Flu season off to slow start in North Dakota
BISMARCK — This flu season is off to a slower start than last year but probably is comparable to two years back, according to Levi Schlosser, flu surveillance coordinator for the North Dakota Department of Health.
"It is definitely slower than last year," he said. "But we're also seeing increases every week."
The currently weekly influenza update, including information through Nov. 2, indicates 90 cases of flu so far this season compared to 308 at the same point last year. The normal flu season runs from the first week of October through May, although North Dakota flu activity usually peaks from January to March each year, Schlosser said.
So far, 59 confirmed cases of Type B flu have been reported compared to 29 cases that have been identified as Type A. This differs from the previous three years when Type A flu was the predominant strain across North Dakota.
"We always see a little of both," Schlosser said. "This year (the amount of Type B flu) may be a coincidence at this point."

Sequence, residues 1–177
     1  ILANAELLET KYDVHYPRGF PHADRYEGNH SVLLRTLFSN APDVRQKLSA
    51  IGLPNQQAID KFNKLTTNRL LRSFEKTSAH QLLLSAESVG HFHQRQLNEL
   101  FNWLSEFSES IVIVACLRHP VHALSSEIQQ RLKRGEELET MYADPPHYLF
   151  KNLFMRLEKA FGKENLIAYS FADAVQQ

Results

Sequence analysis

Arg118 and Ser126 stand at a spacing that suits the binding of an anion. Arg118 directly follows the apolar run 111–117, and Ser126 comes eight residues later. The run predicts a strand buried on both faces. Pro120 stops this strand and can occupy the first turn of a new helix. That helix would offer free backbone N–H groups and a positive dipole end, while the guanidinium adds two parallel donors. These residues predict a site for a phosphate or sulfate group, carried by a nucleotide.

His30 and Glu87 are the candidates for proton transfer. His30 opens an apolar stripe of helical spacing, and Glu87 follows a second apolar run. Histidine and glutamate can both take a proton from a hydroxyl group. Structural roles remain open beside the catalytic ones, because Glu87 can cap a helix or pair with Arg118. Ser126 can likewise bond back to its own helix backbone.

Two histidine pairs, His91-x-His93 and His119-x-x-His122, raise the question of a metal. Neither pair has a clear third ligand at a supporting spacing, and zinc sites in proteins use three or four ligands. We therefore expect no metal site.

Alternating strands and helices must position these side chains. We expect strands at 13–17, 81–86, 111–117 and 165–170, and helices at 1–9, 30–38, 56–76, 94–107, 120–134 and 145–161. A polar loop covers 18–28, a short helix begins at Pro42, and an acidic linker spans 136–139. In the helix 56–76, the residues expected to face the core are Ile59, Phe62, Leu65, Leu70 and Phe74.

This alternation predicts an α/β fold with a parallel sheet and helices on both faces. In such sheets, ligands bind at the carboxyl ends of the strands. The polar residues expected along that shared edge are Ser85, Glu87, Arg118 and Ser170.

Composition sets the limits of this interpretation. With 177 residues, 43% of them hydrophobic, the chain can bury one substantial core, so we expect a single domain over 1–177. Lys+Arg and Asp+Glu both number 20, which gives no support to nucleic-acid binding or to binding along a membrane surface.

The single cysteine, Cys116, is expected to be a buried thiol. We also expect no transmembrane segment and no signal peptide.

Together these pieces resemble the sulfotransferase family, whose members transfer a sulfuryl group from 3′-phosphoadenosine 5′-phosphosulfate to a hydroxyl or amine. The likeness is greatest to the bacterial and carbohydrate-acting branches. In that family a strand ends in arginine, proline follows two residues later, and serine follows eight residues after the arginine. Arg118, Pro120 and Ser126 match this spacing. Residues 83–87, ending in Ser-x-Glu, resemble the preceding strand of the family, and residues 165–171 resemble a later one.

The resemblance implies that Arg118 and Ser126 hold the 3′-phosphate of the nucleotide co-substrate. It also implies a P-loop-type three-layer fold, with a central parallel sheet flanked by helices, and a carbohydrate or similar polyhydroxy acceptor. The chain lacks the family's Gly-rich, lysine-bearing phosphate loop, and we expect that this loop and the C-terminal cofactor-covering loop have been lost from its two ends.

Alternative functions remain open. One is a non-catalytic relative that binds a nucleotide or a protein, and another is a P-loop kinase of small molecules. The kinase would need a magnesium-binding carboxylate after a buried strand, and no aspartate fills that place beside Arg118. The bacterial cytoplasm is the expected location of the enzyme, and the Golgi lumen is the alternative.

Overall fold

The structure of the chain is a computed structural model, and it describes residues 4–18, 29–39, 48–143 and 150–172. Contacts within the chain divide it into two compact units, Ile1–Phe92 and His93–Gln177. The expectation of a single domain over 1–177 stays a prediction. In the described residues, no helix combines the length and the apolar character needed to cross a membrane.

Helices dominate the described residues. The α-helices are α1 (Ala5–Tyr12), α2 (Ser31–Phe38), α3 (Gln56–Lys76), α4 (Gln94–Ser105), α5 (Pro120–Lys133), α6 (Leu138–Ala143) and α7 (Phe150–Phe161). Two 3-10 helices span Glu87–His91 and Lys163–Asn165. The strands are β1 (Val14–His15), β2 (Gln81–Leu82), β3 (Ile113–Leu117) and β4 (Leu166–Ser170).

Schlosser said people with the flu can't tell the difference based on symptoms or how the illness progresses. Only a lab test can determine which type of flu the patient has.
The difference, according to Schlosser, is in the population the influenza strikes.
"Type A flu tends to affect children and younger adults," he said. "Type B is more across the population."
Common symptoms for both types of flu are the same and include fever, cough, sore throat, runny or stuffy nose, body aches, headaches and fatigue. The best protection for either type of the flu is a flu shot, according to Robin Iszler, administrator for the Central Valley Health District in Jamestown.
"The current flu shot included two Type A strains and 2 Type B strains," she said. "We're still working on determining whether we have a good match in the flu shots this year."
Other precautions include vigorous hand washing, covering your mouth when coughing and staying home from work when ill, Schlosser said.
It is not too late to get a flu shot, Schlosser said. It takes about two weeks after the shot to establish immunity, which then guards the person against the flu for between four and six months, he said.
Iszler reported that there have been some delays in delivery of flu vaccine. She suggests people call their medical providers to confirm availability.